Equidem, a charity dedicated to promoting the human rights of the most marginalised globally, is warning that new labour laws taking effect in Saudi Arabia today do not adequately protect or improve conditions for migrant workers in the Kingdom.
Saudi Arabia hosts the third-largest migrant population in the world; foreign workers account for about a third of Saudi Arabia's 30 million population and more than 80 per cent of the kingdom's private-sector workforce. These workers are prone to exploitation and abuse, and those harms have been exacerbated by the COVID-19 pandemic. The Saudi government announced a series of labour reforms last year that take effect today. But the new laws do not address the systematic discrimination, weak enforcement, and prohibition on migrant workers joining or forming a union that currently leaves millions at risk of modern slavery.
"Passage of laws alone will not improve conditions for migrant workers," said Mustafa Qadri, founder and executive director of Equidem. "Saudi Arabia has historically allowed conditions to flourish that lead to the abuse, exploitation, and dehumanization of migrant workers. The pandemic has rapidly worsened conditions for workers, but these new laws simply do not address the root of the problem. We have heard from workers about what they're experiencing, and we know what needs to be done to enact real change. Our hope is that Saudi Arabia chooses to put some action behind its rhetoric and show the world it's serious about improving conditions for migrant workers."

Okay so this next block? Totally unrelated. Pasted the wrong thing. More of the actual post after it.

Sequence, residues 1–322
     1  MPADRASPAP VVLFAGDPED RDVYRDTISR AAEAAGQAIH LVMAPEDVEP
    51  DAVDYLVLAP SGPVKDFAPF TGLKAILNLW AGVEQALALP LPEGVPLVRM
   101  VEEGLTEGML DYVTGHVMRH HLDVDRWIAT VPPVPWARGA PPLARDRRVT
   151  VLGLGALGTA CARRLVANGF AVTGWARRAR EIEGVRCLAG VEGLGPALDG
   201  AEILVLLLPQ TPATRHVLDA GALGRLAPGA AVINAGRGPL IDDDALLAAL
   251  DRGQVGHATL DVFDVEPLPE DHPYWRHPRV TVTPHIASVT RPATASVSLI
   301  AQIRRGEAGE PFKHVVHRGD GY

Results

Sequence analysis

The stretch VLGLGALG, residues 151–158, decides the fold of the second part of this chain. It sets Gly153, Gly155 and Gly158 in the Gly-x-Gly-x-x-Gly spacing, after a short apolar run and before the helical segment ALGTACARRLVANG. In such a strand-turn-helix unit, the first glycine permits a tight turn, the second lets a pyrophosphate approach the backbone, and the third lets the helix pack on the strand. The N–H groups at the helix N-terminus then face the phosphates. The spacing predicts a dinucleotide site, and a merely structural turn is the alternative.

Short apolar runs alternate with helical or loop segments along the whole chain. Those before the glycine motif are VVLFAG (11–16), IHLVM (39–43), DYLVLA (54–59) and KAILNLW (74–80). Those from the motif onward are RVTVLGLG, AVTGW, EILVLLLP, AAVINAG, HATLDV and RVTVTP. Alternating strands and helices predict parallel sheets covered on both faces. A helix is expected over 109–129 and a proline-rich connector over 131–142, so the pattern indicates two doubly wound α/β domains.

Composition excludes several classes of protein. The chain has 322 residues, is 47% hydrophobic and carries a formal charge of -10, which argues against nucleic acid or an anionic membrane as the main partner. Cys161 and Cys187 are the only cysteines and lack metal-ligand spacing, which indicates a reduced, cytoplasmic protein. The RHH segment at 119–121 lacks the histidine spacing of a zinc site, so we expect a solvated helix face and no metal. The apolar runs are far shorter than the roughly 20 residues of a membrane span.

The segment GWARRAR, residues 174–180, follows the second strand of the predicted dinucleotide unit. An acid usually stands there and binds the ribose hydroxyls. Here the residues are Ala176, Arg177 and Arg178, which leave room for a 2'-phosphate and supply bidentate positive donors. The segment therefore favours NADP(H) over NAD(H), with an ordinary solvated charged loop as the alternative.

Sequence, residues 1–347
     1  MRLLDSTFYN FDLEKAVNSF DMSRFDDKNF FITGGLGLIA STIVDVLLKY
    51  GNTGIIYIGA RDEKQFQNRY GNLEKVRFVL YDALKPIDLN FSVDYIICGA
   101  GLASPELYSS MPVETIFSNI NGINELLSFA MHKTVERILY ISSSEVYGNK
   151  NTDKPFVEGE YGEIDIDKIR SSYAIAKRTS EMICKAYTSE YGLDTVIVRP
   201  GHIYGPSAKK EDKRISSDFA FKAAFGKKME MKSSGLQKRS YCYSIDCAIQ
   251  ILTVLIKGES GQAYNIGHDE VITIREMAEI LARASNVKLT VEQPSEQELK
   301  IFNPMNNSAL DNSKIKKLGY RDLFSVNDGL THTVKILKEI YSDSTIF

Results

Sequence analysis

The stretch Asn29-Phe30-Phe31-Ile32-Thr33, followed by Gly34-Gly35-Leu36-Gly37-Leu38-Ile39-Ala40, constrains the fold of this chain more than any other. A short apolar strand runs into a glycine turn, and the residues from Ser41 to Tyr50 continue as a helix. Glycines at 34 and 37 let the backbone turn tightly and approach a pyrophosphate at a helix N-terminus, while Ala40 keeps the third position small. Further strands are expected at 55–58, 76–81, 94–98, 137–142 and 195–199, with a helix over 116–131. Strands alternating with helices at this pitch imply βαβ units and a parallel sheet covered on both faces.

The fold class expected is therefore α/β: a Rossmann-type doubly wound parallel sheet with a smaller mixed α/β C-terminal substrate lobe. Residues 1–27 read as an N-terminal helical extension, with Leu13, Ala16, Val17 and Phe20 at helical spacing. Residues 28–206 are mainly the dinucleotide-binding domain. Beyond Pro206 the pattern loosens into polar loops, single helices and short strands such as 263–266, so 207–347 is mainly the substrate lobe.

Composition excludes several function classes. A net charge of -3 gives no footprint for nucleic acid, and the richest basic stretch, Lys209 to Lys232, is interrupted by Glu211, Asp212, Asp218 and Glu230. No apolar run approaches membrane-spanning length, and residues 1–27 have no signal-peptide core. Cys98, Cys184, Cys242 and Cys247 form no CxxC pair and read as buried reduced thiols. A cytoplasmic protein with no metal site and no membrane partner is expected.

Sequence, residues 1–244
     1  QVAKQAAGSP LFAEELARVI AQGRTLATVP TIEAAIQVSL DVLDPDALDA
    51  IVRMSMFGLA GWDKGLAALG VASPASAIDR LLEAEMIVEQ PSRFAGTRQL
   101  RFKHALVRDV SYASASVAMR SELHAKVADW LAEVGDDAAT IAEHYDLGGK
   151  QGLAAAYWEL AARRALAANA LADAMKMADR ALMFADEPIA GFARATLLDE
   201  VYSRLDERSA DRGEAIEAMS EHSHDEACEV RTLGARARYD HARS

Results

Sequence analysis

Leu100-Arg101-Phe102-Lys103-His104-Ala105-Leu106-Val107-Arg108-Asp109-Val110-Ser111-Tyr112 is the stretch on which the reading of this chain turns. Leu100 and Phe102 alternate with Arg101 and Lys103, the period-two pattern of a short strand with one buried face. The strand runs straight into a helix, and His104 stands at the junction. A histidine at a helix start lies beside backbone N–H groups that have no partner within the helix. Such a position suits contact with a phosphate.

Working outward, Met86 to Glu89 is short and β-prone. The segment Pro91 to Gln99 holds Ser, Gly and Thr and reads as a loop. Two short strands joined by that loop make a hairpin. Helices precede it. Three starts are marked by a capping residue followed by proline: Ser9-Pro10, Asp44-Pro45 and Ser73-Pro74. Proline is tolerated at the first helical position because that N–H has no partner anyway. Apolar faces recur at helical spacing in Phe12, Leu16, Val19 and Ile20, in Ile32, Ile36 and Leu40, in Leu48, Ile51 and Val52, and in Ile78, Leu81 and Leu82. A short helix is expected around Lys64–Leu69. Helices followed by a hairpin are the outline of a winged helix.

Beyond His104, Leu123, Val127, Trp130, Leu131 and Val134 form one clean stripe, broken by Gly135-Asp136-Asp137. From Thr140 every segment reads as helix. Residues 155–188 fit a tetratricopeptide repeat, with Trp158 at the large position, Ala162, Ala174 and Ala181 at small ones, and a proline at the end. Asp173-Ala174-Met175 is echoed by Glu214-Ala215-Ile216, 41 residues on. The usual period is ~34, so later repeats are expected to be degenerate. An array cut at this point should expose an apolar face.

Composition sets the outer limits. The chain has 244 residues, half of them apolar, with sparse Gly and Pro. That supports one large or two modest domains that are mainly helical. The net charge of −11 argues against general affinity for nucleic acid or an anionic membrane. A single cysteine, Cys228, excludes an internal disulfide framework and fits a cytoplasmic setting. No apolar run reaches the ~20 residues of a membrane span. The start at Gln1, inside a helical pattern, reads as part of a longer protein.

Equidem is calling on the Saudi government to allow all categories of workers to exercise their rights to freely change their employer and leave the country as and when they wish to; remove the crime of absconding from Saudi law, and put in place protections against retaliation from employers for workers who make complaints about their treatment, or seek to change jobs or leave the country; end the racial discrimination of migrant workers by providing employment, health and other protections and benefits to all women, men, and children without distinction, exclusion, restriction or preference based on race, colour, descent, national or ethnic origin, gender or sexuality.
Also, to ensure all migrant workers are paid the wages and other benefits owed to them, including the women and men who are no longer based in the country; increase efforts to raise worker awareness of their rights and avenues for support and redress, including with respect to labour disputes and access to health care; recognise migrant workers' right to join and form a trade union and collectively bargain through the passage of legislation, and provide long-term migrant workers with a path to seek permanent residency and citizenship if they so choose.